Also surviving the test of time is the ceiling fresco in the dining chamber (below). It to was covered by whitewash but was recently restored by Philip Vanni. I'm not convinced that this is an example of set decoration. Because other tunnels in the hotel have the same roof paintings I think that these are traditional local decorations.

Most of the scenes at the Lars' Homestead were set in the dining chamber, as Luke argues with uncle Owen over the fate of the droids and the coming harvest. In an example of art parodying life this room is actually a dining room! Across the pit is the kitchens and several of the chambers have tables and benches for dining guests. It was strange to sit in this room with the ceiling painted as it was in 1976 - the only thing missing was a glass of blue milk. Adjoining the dining chamber is the small tunnel used as Beru's kitchen. Nowadays it is used to keep spare benches and crates in. Though the shelves and cupboards are gone, and Luke has put his rifle away the similarities are still there.

And then there's the steps that Luke climbed. Just where exactly did they go? In A New Hope we're led to believe that they ascend to the surface. In the multiplayer "Tatooine Homestead" in Mysteries of the Sith they only go up a short distance and terminate at a chamber with a blanket and some pillows thrown on the floor. Is this Luke Skywalker's bedroom? Determined to find out where the young Jedi slept I put my feet onto concrete and climbed. Unsurprisingly it was another dining room - they must have redecorated after the "accident."

Because the hour was getting too late to drive back to Gabes and find a hotel there we were forced to find accomodation in Matmata. Oh woe, what a terrible end to a day. Oh, to have to sleep in the Hotel Sidi Driss. To share living space with the Lars. How could it come to this! We checked in and paid the very reasonable sum of £5 (US$3) for bed and breakfast for two. Our room wasn't carpeted and there was no en-suite - but what the hell! I was sleeping at the Hotel Sidi Driss and it could have been a pig trough for all I cared. After unpacking we retired to the bar to sample the delights of Tunisia's brewing industry. The national beer, Celtia, isn't too bad but I don't recommend drinking it if you haven't eaten in 3 days.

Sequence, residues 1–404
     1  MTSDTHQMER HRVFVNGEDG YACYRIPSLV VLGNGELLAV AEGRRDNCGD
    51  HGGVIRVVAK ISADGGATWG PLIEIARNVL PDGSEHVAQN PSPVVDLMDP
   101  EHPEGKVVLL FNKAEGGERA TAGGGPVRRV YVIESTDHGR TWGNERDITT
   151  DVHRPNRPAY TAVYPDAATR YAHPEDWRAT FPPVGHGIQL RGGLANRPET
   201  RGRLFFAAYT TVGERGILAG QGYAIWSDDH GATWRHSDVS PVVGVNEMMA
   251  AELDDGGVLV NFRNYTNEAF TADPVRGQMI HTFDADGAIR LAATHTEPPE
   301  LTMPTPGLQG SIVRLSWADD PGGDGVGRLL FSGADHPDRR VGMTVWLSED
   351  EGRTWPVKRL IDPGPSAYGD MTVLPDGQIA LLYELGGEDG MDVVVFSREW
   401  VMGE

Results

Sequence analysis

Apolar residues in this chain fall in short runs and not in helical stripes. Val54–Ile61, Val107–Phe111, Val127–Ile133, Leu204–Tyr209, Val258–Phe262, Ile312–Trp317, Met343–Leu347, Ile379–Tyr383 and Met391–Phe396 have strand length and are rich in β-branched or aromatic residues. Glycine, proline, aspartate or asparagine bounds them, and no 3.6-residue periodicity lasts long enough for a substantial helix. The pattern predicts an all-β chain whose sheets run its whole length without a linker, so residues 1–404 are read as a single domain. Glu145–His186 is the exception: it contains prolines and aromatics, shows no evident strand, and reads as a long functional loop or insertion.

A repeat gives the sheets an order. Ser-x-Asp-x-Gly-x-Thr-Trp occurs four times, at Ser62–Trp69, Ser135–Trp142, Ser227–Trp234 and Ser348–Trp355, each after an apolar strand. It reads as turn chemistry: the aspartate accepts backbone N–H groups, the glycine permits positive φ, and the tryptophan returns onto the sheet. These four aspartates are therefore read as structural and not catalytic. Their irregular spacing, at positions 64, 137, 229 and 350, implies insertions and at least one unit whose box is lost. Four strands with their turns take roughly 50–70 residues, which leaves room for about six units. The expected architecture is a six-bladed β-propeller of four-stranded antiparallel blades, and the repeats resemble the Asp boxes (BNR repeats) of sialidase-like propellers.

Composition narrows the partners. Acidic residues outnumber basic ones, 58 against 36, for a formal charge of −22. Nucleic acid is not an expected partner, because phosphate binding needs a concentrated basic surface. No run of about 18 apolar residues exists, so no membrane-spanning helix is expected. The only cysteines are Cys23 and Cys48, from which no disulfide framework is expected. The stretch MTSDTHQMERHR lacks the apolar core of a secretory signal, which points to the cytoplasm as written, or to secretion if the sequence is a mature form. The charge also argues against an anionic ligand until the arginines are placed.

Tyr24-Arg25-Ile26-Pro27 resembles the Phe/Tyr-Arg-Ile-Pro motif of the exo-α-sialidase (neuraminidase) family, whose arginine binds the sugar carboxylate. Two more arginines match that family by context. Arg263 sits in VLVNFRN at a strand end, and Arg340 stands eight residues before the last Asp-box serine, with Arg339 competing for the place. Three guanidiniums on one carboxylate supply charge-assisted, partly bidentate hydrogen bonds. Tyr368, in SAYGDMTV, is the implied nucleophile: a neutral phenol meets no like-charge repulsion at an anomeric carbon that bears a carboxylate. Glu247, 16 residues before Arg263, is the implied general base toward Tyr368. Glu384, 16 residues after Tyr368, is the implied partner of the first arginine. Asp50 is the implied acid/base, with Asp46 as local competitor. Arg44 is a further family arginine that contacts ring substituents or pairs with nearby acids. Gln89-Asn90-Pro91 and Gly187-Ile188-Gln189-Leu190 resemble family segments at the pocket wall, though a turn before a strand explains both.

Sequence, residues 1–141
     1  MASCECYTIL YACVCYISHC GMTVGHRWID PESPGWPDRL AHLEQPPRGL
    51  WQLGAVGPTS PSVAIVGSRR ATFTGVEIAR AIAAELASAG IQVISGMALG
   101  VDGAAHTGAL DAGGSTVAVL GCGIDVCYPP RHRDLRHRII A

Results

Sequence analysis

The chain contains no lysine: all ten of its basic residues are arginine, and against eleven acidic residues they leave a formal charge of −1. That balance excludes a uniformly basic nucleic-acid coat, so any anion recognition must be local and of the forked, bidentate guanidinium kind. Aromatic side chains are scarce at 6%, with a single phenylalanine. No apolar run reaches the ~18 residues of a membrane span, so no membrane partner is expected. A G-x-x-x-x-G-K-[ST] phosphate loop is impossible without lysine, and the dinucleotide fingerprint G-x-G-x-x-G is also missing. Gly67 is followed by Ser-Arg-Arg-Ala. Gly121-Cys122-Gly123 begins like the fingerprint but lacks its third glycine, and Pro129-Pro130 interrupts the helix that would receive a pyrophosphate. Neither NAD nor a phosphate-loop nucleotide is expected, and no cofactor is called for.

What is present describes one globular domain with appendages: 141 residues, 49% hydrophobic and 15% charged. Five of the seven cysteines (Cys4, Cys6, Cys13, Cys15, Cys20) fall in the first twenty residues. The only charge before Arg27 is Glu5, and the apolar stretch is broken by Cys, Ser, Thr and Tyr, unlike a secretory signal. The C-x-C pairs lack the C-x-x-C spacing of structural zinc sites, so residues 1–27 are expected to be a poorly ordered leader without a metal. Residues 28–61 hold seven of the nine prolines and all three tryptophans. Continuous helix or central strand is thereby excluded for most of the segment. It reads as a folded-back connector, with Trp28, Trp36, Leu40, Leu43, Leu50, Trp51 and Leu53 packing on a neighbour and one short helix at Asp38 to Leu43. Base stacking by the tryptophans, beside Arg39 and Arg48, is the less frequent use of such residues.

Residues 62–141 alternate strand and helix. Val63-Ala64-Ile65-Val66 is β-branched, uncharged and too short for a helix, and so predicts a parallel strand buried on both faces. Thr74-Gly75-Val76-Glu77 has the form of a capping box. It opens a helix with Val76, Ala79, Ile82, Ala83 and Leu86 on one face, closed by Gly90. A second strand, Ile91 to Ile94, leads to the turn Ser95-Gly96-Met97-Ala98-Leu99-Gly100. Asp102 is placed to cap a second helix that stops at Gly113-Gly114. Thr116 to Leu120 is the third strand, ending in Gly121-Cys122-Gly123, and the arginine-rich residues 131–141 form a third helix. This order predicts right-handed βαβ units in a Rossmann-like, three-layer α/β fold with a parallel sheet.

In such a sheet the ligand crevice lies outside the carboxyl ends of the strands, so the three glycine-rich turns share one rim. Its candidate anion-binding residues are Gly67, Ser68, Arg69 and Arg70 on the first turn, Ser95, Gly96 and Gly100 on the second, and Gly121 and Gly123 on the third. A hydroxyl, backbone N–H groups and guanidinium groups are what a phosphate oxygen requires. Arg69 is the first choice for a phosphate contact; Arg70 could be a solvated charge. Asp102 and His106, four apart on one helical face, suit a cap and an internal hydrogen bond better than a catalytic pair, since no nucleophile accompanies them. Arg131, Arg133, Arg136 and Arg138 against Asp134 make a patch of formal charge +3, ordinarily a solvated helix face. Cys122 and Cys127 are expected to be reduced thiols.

We entered the bar to find it bedecked with all kinds of Star Wars memorabilia, drawings, paintings and photographs. I recognised the photocopied widescreen cards that Dr Reynolds had donated and some faces that occasionally crop up in the Insider. There were Action Collection Jawas and Power of the Force figures everywhere. Adorning the bar front, the back wall and the arch were a fabulous array of resource stills. (NOTE: If you have given anything to the Hotel Sidi Driss please e-mail me. I'd be very interested in hearing from you and share experiences.)

The two pictures above were taken from BikeAbout for illustration purposes only.
The author of this site concedes copyright of these images to BikeAbout.

We had another early start in the morning so we said our good nights and made for bed. We wanted to get going pretty early so we'd miss out the traffic in Gabes and the heat of the day as we crossed the Chott el-Jerid. Unfortunately we didn't have an alram clock so we'd have to reply on the prayer call at sunrise. Not the most reliable way to get going in the morning, especially when you are 30 feet underground!